The Bad Luck of the Irish

Ashby Monk

I have to say, I’ve been captivated by what’s going on in Ireland with respect to the National Pension Reserve Fund. The Irish have been facing a very tough dilemma: Do they tap the NPRF or do they face economic dislocation and potentially even a sovereign default? This may seem like a no-brainer but consider this: when the NPRF was established in April 2001, the idea was that it would not be touched (at all) for over two decades. Here is the blurb from the NPRF website:

“No money can be drawn down before 2025 and, from then on, drawdowns will continue until at least 2055 under rules to be made by the Minister for Finance.”

This was the agreement that facilitated the political deal underpinning the existence of the fund. But this ideal has taken a back seat to more pressing problems. Indeed, the government tapped the NPRF in 2009 to save Ireland’s failing banks. And now, the National Treasury Management Agency seems to view the NPRF as a ready source of capital should further bailouts be needed:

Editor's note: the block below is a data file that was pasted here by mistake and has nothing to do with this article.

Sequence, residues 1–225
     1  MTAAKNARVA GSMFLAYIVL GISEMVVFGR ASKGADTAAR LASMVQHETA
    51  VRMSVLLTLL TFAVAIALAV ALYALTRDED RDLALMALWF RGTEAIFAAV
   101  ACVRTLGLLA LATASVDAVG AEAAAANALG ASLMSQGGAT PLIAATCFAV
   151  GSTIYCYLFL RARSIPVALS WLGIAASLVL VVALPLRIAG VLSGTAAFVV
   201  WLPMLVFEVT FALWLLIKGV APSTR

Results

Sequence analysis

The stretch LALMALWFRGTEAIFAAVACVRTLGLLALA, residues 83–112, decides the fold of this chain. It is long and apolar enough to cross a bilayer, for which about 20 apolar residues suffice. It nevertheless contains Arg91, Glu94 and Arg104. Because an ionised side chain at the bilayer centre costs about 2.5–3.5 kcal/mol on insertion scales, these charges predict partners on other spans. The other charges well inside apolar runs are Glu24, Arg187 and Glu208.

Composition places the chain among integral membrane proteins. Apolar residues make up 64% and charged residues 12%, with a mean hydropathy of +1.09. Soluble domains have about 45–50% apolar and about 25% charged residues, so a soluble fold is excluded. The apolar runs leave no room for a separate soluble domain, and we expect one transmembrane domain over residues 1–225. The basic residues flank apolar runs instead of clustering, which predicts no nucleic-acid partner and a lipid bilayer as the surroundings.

“According to a briefing NTMA gave London analysts on Tuesday, Ireland has a cushion of cash reserves of €23bn as well as €25bn in the National Pension Reserve Fund…”

Granted, tapping the NPRF is far better than an Irish default. However, by dipping into the pension pot, the government has broken its original deal with the public. Moreover, it has shown that it can—rather painlessly—get access to these assets should it find it politically expedient. In my view, these are two factors that could, over time, de-legitimize the NPRF in the eyes of the public.

Anyway, I’m not passing judgement on Ireland’s decisions (although the country’s pensioners probably aren’t all that pleased). Rather, I’m just interested to watch the governance systems of pension reserve funds flex and strain under the weight of cash-strapped governments during the crisis…

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This website is a project of Professor Gordon L. Clark and Dr. Ashby Monk of the School of Geography and the Environment at the University of Oxford. Their research on sovereign wealth funds is funded by the Leverhulme Trust and The Rotman International Centre for Pension Management.

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